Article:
The Caudron G.3 was a single-engined French biplane built by Caudron, widely used in World War I as a reconnaissance aircraft and trainer.
The aircraft had a short crew nacelle, with a single engine in the nose of the nacelle, and twin open tailbooms. It was of sesquiplane layout, and used wing warping for lateral control, although this was replaced by conventional ailerons fitted on the upper wing in late production aircraft. The Caudron’s of 1914-1915 were not armed except for what rifles and pistols the pilot carried with him.
The Caudron G.3 1st aircraft to cross Andes Mountains.
Developing nation: France.
Manufacturer/designer: Société des Avions Caudron.
Production Lines: Le Crotoy aerodrome.
Type aircraft: reconnaissance aircraft and trainer.
First flight: May 1914.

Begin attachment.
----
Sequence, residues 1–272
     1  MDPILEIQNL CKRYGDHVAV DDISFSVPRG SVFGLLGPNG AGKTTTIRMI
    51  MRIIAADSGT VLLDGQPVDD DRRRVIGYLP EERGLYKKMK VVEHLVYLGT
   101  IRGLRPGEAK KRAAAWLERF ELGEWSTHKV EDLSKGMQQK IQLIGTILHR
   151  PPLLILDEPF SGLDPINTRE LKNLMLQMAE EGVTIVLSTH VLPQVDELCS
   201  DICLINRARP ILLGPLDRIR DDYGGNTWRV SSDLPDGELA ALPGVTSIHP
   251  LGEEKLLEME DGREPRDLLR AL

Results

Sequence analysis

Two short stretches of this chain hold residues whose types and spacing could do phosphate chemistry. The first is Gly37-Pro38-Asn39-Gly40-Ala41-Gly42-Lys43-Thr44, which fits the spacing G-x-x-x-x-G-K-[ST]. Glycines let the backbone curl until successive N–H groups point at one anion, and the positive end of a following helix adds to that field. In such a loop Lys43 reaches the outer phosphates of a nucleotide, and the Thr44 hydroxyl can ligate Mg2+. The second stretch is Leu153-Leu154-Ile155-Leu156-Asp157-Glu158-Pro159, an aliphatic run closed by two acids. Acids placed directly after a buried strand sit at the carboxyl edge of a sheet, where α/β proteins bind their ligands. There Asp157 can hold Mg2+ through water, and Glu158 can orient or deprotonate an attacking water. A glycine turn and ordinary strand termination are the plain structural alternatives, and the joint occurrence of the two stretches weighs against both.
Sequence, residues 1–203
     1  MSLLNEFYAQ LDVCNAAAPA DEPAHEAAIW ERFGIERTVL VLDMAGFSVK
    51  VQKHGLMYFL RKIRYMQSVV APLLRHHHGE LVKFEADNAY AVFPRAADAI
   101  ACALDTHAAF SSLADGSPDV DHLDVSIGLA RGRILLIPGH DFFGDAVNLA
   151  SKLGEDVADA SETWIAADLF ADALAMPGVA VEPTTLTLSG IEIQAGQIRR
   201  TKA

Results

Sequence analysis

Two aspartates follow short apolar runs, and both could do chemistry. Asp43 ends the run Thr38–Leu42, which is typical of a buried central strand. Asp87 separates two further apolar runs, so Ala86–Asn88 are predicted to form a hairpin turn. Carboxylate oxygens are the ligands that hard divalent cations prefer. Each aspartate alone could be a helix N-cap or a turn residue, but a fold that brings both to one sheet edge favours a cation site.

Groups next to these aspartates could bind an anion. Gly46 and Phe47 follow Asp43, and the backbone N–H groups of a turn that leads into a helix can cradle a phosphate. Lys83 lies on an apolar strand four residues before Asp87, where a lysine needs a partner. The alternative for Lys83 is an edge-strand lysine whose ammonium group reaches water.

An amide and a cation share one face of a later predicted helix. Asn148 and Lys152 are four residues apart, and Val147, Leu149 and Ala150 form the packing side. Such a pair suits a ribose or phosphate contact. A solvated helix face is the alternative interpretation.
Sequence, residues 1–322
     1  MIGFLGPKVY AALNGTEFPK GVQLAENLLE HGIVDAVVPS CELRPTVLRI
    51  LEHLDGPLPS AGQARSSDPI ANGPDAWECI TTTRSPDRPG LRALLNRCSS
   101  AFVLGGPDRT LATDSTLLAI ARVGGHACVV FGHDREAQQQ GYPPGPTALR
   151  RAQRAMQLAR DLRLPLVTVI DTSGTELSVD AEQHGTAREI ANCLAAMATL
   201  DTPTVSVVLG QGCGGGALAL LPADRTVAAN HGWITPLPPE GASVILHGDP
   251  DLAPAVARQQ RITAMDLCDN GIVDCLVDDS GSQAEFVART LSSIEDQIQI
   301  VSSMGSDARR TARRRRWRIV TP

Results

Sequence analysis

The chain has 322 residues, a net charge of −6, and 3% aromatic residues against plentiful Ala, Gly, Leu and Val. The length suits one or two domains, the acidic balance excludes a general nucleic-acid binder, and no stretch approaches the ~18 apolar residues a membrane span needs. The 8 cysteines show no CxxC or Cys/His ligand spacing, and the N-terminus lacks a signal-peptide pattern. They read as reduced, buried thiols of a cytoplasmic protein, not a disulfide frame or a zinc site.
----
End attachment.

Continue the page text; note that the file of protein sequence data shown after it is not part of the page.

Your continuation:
Number built: 1822
- Crew: 1
- Length: 6.40 m (21 ft 0 in)
- Wingspan: 13.40 m (44 ft 0 in)
- Height: 2.50 m (8 ft 3 in)
- Wing area: 27.00 m² (290 ft²)
- Empty weight: 420 kg (933 lb)
- Max. takeoff weight: 710 kg (1,577 lb)
- Powerplant: 1 × Le Rhone C rotary, 60 kW (80 hp)
- Maximum speed: 106 km/h (57 kn, 68 mph)
- Service ceiling: 4,300 m  (14,110 ft)
- One small calibre machine gun (optional) and some hand released bombs (optional)
All pictures courtesy of Zijde Aviation Photo and Publishing, Rob Vogelaar